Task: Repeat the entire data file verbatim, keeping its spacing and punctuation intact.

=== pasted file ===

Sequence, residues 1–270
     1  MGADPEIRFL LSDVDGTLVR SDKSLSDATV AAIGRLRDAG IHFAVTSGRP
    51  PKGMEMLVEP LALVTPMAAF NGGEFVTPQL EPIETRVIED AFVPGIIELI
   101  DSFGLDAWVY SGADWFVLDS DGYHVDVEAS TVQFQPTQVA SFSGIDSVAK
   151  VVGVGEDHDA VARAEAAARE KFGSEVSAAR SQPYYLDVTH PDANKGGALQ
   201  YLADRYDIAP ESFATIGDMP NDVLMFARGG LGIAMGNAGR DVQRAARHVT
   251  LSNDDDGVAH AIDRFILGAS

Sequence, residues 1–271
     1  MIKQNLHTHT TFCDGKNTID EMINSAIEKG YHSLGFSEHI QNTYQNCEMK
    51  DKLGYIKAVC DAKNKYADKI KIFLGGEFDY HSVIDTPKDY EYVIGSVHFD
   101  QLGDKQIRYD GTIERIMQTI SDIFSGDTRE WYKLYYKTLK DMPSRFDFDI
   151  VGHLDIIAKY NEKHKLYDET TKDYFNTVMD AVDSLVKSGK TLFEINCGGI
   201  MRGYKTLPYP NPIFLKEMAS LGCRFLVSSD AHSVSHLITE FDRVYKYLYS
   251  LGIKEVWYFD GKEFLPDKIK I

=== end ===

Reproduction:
Sequence, residues 1–270
     1  MGADPEIRFL LSDVDGTLVR SDKSLSDATV AAIGRLRDAG IHFAVTSGRP
    51  PKGMEMLVEP LALVTPMAAF NGGEFVTPQL EPIETRVIED AFVPGIIELI
   101  DSFGLDAWVY SGADWFVLDS DGYHVDVEAS TVQFQPTQVA SFSGIDSVAK
   151  VVGVGEDHDA VARAEAAARE KFGSEVSAAR SQPYYLDVTH PDANKGGALQ
   201  YLADRYDIAP ESFATIGDMP NDVLMFARGG LGIAMGNAGR DVQRAARHVT
   251  LSNDDDGVAH AIDRFILGAS

Sequence, residues 1–271
     1  MIKQNLHTHT TFCDGKNTID EMINSAIEKG YHSLGFSEHI QNTYQNCEMK
    51  DKLGYIKAVC DAKNKYADKI KIFLGGEFDY HSVIDTPKDY EYVIGSVHFD
   101  QLGDKQIRYD GTIERIMQTI SDIFSGDTRE WYKLYYKTLK DMPSRFDFDI
   151  VGHLDIIAKY NEKHKLYDET TKDYFNTVMD AVDSLVKSGK TLFEINCGGI
   201  MRGYKTLPYP NPIFLKEMAS LGCRFLVSSD AHSVSHLITE FDRVYKYLYS
   251  LGIKEVWYFD GKEFLPDKIK I